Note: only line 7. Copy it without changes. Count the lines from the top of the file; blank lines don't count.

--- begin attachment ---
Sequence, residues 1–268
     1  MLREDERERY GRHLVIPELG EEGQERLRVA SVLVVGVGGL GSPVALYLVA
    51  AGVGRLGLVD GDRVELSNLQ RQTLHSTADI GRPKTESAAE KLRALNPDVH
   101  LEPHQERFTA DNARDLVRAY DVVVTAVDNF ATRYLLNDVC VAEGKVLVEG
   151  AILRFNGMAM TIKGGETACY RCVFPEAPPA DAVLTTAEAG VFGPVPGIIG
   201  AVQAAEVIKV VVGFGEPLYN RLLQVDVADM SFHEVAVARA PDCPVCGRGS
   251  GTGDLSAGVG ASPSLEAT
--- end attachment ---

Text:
   251  GTGDLSAGVG ASPSLEAT